3. Personally, I’d rather go for a Windows 10 Continuum type of setup like the ones being teased/speculated about but the “lapdock” has a 7″ screen.

  4. Take the phone out the of equation, and I’ll buy one.

    I would love a modern UMPC, but not willing to use a phone that I’m not interested in.

    Edit: Also, those keys on the keyboard look absurdly tall and narrow. Doesn’t look that great to type on

  5. Would someone just fully release something like this already. It’s been too many years since the lapdock

  6. The screen mechanism is interesting but the device is a joke. Chinese nonsense junk.

  7. :/ this falls into a phablet size: to big to carry, and to small to be useful.

    1. That’s tablets – “phablets” usually refers to the 5 to 6″ range which are perfectly portable, as well as a lot more useful that the tiny tablet/phones.

      It’s larger tablets that fall into the too big to carry, but not as useful as laptops/2-in-1s.

  8. I’ve thought about the sliding mechanism for use in both a laptop and tablet shell. For something this small, I think I would prefer a transformer-style solution that converts a regular 6″-7″ smartphone into a laptop. Seems so much more simpler, doable and affordable.

    I can’t even imagine all those users who cry about a 5″ phone being (OMG!) too large even interested in a 7″ laptop. So it’s us users with 6″ and 7″ phones that would be the target audience. We just need the attachable keyboard dock (with extras: battery, ports, etc).

    We already have mini-keyboards that expand (from folded to double their width when opened) which could be incorporated into the transformer-style solution.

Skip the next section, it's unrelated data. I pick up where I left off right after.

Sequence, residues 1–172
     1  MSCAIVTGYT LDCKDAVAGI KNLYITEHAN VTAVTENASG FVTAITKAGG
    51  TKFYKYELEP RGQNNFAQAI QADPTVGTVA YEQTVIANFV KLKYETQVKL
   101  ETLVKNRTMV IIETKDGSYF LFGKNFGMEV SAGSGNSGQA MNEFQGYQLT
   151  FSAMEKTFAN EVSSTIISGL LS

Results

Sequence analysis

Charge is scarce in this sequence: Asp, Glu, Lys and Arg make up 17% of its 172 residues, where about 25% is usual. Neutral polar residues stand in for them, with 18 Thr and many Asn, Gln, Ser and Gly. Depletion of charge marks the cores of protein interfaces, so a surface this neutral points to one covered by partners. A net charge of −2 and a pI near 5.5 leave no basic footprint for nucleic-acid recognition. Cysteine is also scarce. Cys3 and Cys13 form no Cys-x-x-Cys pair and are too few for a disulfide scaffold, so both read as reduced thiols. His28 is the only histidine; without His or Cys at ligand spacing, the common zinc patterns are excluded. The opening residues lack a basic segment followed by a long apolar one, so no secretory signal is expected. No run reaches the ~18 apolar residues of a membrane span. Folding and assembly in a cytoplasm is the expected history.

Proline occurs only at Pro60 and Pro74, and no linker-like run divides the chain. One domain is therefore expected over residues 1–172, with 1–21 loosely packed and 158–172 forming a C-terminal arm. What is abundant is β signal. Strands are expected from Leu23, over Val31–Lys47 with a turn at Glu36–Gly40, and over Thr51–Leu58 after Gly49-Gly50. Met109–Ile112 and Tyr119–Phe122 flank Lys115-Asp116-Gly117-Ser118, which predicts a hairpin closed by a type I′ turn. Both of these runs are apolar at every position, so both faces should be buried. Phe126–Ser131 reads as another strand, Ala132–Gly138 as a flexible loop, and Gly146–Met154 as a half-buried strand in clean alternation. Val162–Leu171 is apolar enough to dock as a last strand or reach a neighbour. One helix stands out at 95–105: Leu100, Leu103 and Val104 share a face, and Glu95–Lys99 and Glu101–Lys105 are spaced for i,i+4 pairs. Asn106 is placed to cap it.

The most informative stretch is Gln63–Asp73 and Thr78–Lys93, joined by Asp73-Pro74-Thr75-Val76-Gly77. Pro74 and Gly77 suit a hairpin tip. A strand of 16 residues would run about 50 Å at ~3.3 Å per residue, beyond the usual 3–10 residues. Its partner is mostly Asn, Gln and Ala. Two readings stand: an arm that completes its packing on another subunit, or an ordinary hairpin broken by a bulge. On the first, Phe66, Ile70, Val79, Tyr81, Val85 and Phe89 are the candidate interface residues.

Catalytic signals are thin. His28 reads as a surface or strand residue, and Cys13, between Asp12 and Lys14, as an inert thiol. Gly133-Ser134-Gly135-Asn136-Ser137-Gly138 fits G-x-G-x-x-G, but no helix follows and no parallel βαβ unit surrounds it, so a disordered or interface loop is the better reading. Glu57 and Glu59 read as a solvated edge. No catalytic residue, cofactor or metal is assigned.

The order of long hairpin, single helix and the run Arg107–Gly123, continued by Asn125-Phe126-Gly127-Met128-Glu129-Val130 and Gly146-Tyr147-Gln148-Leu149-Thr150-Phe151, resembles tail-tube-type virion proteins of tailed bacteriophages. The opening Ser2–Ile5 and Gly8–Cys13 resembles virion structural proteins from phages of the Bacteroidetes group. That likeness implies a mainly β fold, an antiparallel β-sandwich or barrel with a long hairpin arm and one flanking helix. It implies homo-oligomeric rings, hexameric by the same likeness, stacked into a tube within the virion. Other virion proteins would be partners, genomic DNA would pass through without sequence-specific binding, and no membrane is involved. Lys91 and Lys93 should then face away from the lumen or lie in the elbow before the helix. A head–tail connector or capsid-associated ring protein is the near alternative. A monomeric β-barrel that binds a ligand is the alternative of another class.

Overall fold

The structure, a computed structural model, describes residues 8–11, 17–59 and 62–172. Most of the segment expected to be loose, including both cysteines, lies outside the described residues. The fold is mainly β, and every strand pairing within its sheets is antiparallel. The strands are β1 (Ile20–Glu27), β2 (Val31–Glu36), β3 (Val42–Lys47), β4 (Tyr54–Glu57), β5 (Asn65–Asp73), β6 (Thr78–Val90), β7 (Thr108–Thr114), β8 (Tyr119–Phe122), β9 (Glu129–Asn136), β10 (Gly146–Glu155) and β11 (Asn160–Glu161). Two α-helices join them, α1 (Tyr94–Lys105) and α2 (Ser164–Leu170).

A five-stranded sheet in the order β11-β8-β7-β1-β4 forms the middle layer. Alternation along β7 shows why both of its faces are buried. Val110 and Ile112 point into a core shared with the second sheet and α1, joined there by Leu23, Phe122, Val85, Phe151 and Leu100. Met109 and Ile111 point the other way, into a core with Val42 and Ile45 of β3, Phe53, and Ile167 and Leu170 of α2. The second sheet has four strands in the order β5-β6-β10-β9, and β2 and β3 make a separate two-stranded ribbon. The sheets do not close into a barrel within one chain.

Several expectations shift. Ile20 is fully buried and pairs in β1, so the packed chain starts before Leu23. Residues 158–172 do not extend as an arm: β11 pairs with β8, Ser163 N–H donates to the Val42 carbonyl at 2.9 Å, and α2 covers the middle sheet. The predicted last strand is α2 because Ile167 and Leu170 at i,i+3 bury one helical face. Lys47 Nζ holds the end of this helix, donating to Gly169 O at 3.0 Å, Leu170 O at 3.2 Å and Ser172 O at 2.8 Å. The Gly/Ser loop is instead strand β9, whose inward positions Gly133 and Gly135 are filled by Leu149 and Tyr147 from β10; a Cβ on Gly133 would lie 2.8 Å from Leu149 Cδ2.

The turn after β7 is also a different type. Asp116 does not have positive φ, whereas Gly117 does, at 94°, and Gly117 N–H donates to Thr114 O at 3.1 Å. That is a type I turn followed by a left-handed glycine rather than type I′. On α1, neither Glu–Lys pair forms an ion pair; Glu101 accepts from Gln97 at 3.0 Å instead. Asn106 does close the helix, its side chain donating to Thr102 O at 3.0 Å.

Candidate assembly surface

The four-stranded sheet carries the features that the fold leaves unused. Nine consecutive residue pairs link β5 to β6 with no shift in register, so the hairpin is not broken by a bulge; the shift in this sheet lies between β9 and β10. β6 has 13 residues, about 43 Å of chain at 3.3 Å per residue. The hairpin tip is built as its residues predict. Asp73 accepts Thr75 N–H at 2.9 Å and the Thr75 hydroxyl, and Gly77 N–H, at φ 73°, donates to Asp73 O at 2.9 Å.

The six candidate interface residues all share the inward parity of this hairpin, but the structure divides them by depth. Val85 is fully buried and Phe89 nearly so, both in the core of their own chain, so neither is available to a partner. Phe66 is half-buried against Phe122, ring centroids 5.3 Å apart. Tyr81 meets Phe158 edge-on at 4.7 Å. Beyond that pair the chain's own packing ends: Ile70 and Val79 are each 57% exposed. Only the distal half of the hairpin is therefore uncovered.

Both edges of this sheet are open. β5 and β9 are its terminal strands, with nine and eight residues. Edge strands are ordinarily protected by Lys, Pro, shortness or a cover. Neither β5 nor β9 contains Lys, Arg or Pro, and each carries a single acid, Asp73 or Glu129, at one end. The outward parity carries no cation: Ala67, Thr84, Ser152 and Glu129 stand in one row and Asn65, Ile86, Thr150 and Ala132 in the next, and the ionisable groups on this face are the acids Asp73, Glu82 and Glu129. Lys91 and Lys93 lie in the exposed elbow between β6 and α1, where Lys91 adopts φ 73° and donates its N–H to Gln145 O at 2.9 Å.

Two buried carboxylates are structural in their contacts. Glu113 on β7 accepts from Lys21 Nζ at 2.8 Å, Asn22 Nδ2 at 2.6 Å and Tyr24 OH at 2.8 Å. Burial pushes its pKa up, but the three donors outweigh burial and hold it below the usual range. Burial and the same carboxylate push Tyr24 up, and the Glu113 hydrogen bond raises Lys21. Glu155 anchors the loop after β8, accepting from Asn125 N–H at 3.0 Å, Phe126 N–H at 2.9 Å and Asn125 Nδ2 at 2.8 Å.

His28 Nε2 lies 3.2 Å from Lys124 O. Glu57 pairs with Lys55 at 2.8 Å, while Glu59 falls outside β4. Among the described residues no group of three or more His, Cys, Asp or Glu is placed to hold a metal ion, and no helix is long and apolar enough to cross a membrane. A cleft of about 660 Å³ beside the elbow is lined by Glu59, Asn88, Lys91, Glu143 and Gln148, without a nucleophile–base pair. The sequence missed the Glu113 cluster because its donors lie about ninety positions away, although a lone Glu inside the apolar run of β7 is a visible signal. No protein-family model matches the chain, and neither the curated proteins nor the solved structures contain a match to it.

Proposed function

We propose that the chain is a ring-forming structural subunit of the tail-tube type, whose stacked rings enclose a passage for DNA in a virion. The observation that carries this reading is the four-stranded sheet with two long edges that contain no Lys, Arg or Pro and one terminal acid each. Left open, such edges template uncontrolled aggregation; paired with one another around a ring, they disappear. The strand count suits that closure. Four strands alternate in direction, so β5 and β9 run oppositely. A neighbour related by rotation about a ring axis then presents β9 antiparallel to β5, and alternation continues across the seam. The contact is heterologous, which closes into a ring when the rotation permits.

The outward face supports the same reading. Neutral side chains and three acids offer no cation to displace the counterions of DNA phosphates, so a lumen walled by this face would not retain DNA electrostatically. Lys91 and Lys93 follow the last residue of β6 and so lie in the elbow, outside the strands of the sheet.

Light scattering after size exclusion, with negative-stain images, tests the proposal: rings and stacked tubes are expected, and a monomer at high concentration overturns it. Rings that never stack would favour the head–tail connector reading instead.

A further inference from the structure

Big fan of small devices with keyboards but I think this device is trying to do too much. Hate to say it but it’s innovation for its’ own sake without taking user ‘use cases’ into consideration. As a result (sorry, more wet-blanket stuff), it won’t see production.

    1. Yeah, that’s why I didn’t write it up when the press release dropped last month. I had a feeling this’d be the case. The design is nicer than I’d expected, and I’m told some of the software works in lab… but they’re not showing it yet.

      1. I like the concept of this device because its a Swiss army knife of technology. Perfect for when your out of the house and going to say a park, or if your on a Airplane and traveling. I hope this device lowers its price to a level, like 600 or 500$, where its at least obtainable by mortal men. 1000 seems a bit steep, to steep for this thing to make profit one would think. But what do I know. Thanks for the coverage on this device, I know this article is a bit old, but I was looking at the Asuna Padfone, and soon I discovered this device. With information being very scare, its good to see a article covering this device. If you by chance see this comment, I would love to get a name of devices that can be obtained that can do things like the Asuna Padfone. Thanks again Brad.

Comments are closed.